Dean Ornish talked about how fear is not a sustainable motivator; that we might agree to a treatment plan or drug out the fear our doctors might instill, but real change comes from what you want to do, not on what someone says you should do.  If lifestyle changes make you feel better, you are more likely to stay with them as opposed to taking a drug that you fear of that makes you feel bad.  Lifestyle changes empower you to take control of your health, and this was Dean Ornish’s message.    He spoke of lifestyle and Prostate cancer risk and said that lifestyle had up to a 70% effect on risk.  He also said that only one in 49 patients treated for prostate cancer actually live longer, so it would likely be better to treat with lifestyle changes. He spoke of lung cancer. Telling patients that by quitting smoking they will reduce risk of lung cancer did not motivate them to quit, but telling them that it gives you wrinkles or makes men impotent, well yes, now that was motivation. 

He spoke of diet and like others, suggested that if it comes from a plant, eat it; if it is made in a plant, avoid it.  He also reminded us that what you include is just as important as what you exclude, so eat mindfully.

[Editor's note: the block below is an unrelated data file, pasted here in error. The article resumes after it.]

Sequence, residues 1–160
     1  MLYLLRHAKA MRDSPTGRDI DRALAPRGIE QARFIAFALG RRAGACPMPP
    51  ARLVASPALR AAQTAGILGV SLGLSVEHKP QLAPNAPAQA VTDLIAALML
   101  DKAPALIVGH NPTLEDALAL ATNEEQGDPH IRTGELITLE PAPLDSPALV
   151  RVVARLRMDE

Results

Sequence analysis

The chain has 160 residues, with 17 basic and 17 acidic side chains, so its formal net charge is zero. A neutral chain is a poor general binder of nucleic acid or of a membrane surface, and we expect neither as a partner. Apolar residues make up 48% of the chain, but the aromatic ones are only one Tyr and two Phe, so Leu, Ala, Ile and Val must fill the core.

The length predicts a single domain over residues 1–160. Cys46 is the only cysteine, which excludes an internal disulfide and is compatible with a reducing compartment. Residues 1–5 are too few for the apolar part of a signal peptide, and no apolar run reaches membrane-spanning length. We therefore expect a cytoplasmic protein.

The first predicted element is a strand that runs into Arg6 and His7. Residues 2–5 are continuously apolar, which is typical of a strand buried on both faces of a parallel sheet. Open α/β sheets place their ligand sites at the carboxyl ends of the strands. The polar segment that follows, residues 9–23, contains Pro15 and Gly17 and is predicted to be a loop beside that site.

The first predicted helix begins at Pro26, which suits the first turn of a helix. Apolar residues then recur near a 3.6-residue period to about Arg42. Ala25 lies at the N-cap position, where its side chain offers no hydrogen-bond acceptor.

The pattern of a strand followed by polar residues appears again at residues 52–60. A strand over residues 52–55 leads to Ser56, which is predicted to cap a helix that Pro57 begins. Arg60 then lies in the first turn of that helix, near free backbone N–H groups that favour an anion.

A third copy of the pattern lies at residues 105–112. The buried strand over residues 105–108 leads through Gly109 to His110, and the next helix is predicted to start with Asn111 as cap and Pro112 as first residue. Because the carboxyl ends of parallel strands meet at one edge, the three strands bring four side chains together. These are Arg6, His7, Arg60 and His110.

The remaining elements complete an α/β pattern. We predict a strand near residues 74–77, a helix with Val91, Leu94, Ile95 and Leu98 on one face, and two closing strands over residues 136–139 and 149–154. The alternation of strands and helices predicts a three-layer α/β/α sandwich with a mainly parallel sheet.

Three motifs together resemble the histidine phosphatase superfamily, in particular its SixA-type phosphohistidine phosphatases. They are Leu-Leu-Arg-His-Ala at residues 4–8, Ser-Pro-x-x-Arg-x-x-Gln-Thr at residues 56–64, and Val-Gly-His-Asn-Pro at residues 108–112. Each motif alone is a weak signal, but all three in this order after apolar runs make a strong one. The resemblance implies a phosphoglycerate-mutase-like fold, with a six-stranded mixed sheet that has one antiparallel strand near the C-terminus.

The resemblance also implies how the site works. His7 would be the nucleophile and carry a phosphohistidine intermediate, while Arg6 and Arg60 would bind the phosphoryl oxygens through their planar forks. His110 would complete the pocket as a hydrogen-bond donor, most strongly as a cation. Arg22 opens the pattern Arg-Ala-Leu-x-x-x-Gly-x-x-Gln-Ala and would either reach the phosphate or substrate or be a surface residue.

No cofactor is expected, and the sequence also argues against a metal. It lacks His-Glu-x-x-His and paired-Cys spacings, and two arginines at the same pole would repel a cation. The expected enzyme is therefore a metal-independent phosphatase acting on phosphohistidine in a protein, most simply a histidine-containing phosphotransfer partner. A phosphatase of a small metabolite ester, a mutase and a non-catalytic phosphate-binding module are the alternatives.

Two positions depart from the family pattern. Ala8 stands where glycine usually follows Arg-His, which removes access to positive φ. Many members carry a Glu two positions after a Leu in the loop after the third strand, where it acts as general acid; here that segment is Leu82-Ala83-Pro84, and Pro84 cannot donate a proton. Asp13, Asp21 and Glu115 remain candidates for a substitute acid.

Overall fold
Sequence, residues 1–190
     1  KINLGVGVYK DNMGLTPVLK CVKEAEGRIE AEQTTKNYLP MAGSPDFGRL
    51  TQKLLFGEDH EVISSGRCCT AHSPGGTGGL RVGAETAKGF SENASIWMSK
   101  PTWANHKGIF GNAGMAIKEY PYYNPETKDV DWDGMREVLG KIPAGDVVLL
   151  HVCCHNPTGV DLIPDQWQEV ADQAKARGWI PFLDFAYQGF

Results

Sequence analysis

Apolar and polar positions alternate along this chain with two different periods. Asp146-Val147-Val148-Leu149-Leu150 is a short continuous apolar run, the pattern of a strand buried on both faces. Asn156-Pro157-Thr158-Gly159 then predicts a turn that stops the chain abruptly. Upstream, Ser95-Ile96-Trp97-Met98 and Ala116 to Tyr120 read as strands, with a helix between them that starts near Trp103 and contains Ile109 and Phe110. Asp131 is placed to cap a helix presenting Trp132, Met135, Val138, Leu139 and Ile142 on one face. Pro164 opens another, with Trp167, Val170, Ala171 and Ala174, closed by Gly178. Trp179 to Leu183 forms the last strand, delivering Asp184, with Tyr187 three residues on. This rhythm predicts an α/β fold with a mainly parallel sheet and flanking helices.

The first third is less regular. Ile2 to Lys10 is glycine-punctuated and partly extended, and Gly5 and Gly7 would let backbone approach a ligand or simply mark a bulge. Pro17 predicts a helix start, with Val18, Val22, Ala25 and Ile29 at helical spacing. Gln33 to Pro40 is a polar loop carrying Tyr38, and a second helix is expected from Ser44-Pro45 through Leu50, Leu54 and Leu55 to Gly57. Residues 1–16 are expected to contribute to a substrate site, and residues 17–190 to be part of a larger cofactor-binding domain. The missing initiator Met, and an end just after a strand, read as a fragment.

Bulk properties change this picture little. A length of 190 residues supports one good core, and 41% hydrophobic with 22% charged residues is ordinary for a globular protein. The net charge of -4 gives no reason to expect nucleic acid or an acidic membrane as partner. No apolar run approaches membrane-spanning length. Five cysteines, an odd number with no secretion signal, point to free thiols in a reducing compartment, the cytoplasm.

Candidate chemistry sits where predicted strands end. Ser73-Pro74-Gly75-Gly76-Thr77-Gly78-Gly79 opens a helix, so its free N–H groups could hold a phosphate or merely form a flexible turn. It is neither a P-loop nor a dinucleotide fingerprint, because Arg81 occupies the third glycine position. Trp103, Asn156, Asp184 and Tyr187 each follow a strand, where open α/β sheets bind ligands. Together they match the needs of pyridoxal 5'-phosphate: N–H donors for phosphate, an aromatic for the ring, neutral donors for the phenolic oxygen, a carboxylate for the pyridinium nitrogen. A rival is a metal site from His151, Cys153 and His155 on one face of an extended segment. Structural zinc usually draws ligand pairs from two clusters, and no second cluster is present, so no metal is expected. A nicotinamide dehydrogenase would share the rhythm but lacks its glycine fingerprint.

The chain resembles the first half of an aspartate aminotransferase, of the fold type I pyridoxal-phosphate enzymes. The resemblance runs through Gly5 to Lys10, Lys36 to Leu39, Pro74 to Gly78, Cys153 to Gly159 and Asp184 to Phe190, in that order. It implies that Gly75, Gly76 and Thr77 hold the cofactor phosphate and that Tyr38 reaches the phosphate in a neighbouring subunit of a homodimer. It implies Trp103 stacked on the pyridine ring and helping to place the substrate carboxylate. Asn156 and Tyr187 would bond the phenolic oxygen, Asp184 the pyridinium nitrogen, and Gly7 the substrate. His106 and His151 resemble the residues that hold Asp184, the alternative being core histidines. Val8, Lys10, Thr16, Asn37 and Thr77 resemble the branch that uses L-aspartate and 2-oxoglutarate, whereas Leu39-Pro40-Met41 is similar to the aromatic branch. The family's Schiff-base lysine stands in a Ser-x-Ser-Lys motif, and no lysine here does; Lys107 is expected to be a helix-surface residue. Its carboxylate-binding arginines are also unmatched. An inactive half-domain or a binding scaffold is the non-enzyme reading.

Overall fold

He also made us aware that Medicare is now paying for comprehensive lifestyle changes for patients wishing to reverse heart disease, so hopefully the same will soon be offered for cancer patients.

He embraced cancer support groups commenting that meeting (in person or online) in a group once a week dramatically improved the survival rate for those with metastatic breast cancer.  He asked us if we knew the difference between illness and wellness. (I also stands for Isolation, btw, and is not indicative of wellness).

     Illness     Wellness 

Lise Alschuler explained that flavonoids exert antioxidant, anti-inflammatory, immune modulating, hormone balancing, blood sugar stabilizing and cancer prevention effects.  Flavonoids are one of the reasons why it is so important to consume a diet full of colorful vegetables and fruits.  She stressed that they can help your chemo work and protect you during radiation.  She also said you need to eat them every meal, as the effects last for about 1-4 hours.  

Trying to quit smoking?  Studies showed that smokers who ate plenty of vegetables and drank tea and red wine substantially reduced their risk for cancer.  So, while you are trying to quit, have some broccoli or a glass of wine with that cigarette.  However, she stresses that this does not give you permission to continue smoking.

She also showed the reverse relationship between flavonoid consumption and ovarian cancer (37%), and 47% for non-Hodgkin’s lymphoma, as well as between isoflavonoids (Non GMO soy) consumption and ovarian cancer (49%). 

She explained the powerful properties in Delphinidin as a cancer prevention agent (think Maquai berries) and mentioned that they were also helpful in reducing the damage of radiation, and that in general, flavonoids should not be so quickly dismissed during chemotherapy as they can be helpful, not harmful.  She also mentioned the benefits of Resveratrol, (heard this from many during the three days…)